This post has no detailed panel reports, because I am in the process of writing them up for submission to The Internet Review of Science Fiction—if they want it, great, $70 for something I'd do anyway (that's 3.5 Fullmetal Alchemist DVDs!); if not, I'll just post it here later. I only went to panels on Sunday anyway, so you're not missing much. However, the writeup is taking forever [*], and it can't possibly appear in IROSF for a while, so I might as well stop on that for the night and do all the chatty personal stuff that IROSF won't want.
[*] Taking notes on a Palm + keyboard saves a little time in turning the notes into a report, in that I don't have to wonder what that scribble meant. However, turning notes into sentences still takes just as long, plus I was able to take more notes than usual because I type faster than I write.
This was a con with a big hole in the middle for me: I had lunch with non-congoing friends in a suburb on Saturday, which basically killed the entire day. Here's the short version of the con: Friday: Tor party setup and attendance with physical stupidities; Saturday: dinner and hanging out with logistical stupidities; Sunday: actual panels.
We arrived at the Sheraton on Friday afternoon, parked underneath (because I needed to drive to Burlington on Saturday), and found that the car's trunk, which had faithfully carried Chad's suitcase all the way from New York, now refused to close again. Poked at it for a while, said "screw this," went inside to check in and call AAA. After getting in, we changed our minds, went back downstairs, and just tied it shut—we didn't really need the space, and finding someone to come and fix it would likely have been aggravation we didn't need.
Public service announcement: sign up for hotels' (free) membership programs. For staying at the Sheraton for the last couple of Boskones and Noreascon, we got upgraded this year to the "Club" level on the top floor, with free breakfast, munchies at dinner time, and access to a couple of Internet terminals. Good stuff.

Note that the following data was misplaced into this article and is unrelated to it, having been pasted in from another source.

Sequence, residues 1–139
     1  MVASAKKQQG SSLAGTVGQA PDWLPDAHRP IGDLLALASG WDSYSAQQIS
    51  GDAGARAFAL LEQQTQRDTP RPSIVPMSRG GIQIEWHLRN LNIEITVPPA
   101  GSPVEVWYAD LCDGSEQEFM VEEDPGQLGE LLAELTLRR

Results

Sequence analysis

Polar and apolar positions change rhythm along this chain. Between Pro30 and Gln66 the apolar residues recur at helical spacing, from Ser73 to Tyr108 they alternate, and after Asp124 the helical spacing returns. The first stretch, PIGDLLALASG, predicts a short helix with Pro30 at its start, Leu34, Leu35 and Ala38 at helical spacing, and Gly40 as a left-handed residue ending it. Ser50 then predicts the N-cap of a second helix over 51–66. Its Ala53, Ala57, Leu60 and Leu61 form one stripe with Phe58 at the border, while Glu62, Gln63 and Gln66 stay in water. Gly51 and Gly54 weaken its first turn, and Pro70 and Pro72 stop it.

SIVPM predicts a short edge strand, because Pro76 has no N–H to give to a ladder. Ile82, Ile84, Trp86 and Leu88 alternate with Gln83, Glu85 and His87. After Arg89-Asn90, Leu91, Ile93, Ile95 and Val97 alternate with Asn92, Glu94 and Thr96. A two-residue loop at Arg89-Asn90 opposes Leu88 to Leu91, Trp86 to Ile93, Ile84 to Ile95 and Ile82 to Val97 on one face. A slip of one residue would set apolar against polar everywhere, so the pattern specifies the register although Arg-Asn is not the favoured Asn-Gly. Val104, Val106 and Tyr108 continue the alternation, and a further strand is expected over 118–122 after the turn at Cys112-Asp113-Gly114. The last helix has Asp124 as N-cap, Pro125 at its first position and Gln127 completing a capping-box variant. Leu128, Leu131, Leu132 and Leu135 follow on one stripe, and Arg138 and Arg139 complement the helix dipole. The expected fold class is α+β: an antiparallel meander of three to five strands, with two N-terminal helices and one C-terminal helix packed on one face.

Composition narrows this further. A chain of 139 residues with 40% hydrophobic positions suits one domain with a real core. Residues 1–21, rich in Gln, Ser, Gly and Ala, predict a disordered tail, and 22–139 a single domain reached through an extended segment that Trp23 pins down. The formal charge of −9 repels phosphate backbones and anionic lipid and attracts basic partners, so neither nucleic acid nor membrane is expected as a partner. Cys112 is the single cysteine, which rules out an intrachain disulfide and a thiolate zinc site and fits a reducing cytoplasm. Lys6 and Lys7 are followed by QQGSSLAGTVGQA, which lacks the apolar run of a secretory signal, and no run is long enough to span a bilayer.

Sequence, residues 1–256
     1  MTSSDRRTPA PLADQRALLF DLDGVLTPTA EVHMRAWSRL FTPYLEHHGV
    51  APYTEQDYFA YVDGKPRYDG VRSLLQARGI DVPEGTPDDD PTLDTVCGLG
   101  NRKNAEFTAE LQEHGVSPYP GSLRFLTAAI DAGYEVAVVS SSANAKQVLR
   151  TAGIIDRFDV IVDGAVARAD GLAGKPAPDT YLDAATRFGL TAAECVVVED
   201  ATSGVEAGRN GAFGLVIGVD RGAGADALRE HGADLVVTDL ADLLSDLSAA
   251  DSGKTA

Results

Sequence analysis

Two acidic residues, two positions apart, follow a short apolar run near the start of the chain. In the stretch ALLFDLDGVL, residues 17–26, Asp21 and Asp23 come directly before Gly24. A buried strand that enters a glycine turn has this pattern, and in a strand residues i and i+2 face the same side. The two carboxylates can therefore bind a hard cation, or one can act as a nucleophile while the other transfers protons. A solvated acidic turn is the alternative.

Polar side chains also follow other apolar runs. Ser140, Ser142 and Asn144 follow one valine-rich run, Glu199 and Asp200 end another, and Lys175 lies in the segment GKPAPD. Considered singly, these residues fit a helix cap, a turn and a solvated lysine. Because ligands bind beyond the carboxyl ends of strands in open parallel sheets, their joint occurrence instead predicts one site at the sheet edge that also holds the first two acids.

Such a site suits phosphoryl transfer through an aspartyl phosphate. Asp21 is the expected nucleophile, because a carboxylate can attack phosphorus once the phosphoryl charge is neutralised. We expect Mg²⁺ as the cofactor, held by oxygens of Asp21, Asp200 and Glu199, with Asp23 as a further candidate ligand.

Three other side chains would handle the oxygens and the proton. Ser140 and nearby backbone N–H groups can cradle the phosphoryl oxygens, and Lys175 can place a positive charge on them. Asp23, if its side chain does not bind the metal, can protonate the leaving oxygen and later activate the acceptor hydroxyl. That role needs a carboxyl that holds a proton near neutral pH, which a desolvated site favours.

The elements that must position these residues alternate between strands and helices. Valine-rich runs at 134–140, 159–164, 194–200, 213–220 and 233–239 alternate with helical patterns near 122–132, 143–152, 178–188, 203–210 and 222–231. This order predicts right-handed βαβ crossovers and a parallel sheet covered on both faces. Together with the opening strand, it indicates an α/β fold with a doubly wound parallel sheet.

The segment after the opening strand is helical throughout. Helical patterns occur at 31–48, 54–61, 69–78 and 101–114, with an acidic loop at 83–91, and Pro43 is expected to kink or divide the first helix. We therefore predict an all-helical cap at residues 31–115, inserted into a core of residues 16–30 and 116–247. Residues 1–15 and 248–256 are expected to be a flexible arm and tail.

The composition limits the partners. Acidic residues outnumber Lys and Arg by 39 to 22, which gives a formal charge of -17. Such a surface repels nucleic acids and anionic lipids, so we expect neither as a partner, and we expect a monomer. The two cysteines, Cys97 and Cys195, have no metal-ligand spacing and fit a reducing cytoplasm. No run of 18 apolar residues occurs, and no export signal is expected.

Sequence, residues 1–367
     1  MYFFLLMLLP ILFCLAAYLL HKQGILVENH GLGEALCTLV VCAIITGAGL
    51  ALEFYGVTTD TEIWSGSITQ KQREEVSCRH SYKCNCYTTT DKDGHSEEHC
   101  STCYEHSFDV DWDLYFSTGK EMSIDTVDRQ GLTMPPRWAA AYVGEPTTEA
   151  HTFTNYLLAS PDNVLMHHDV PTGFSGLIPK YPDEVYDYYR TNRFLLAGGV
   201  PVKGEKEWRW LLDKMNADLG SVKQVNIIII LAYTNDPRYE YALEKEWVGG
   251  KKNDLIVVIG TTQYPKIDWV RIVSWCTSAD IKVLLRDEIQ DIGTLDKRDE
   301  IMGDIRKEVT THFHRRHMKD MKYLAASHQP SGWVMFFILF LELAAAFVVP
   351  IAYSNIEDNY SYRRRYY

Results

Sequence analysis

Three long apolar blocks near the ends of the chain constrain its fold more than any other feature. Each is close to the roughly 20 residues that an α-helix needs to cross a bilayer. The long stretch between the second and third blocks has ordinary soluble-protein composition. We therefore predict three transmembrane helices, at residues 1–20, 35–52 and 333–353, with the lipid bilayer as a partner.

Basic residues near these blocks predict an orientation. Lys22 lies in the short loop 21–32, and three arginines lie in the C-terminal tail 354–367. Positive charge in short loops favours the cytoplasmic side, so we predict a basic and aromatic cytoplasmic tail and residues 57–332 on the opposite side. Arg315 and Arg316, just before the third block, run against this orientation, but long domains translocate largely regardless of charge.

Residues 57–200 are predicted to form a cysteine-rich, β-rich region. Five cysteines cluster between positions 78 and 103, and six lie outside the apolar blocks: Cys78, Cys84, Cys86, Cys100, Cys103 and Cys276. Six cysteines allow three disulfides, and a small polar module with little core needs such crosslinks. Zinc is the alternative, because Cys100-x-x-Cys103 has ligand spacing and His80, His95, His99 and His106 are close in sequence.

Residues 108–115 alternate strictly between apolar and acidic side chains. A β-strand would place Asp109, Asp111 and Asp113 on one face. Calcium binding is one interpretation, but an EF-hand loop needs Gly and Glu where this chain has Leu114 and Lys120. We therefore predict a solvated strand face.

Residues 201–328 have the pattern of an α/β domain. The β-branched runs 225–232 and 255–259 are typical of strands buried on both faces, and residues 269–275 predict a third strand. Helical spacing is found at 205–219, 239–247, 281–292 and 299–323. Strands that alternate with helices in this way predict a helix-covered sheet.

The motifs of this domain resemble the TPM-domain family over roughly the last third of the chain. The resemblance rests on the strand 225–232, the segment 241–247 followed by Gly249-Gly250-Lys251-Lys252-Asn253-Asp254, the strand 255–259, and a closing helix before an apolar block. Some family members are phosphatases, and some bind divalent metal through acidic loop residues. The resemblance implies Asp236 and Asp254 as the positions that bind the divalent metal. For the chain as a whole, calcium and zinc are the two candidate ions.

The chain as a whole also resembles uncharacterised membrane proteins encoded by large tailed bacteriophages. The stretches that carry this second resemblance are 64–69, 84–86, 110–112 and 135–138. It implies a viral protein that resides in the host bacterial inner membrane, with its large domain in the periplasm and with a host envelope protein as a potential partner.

I then met pnh, tnh, and 2muchexposition to help unload stuff for the Tor party. This was the occasion of physical stupidity #1: the bellhop noted that someone should hold onto the boxes of beer when the van's back door was opened. I climbed in, grabbed two of the boxes . . . and failed to notice a third which was much more precariously balanced, which promptly fell out and hit Teresa on the shins. Both shins. She graciously refuses to blame me, but, well, I do.
Spent a while helping with setup, met gtrout which was a pleasure, all that kind of stuff. Chad and I grabbed dinner at the food court, where I got my traditional fix of Pizzeria Regina pizza (best mall pizza there is).
Carrying out another tradition, I went to the discussion of J.D. Robb, where Janice Gelb did an admirable job of moderating a group that tends to the loud and passionate. If anyone there noticed that I never actually said why I hated Origin in Death, sorry—I didn't want to seem like I was trying to hijack the discussion. My booklog entry from last fall has the details.
Then back to helping with the Tor party, then a short doze, then to the party proper, where I had some of Teresa's wicked concoction consisting of many different types of citrus, cane sugar, and some kind of high-proof alcohol, possibly Everclear (label on the pitcher: "This is not fruit juice. Small cups."). Very good, very evil; after a few sips I realized that holding this in my hand while being thirsty was actively dangerous, so diluted it about 4:1 with lemon soda as suggested by a helpful person whose name I forget.
Having diluted the booze way, way down, I alas cannot blame it for physical stupidity #2. veejane had these pants, you see, which sounded like they might fit me around the waist (since I've worn anything from a 2 to a 10 in women's suits). She brought them to the party, and I decided it was too much trouble to go all the way up to the 29th floor to try them on. The bathrooms were crowded with people getting drinks, but there was a very large closet in the suite, maybe 5' square (those of you who've been to other parties in the big end-of-hallway suite on the 9th floor know the one, in the right-hand corner of the bedroom to the right). I turned on the light, hopped in, shucked my jeans and pulled on the pants, zipped up and came out. The bathrooms were still full, and so I couldn't get to a mirror, but they seemed to fit well around the middle (they were about 6" too long, but I expected that). So I got to where veejane and various other people were standing, did the little model turn, and went to stick my hands in the pockets as one does . . .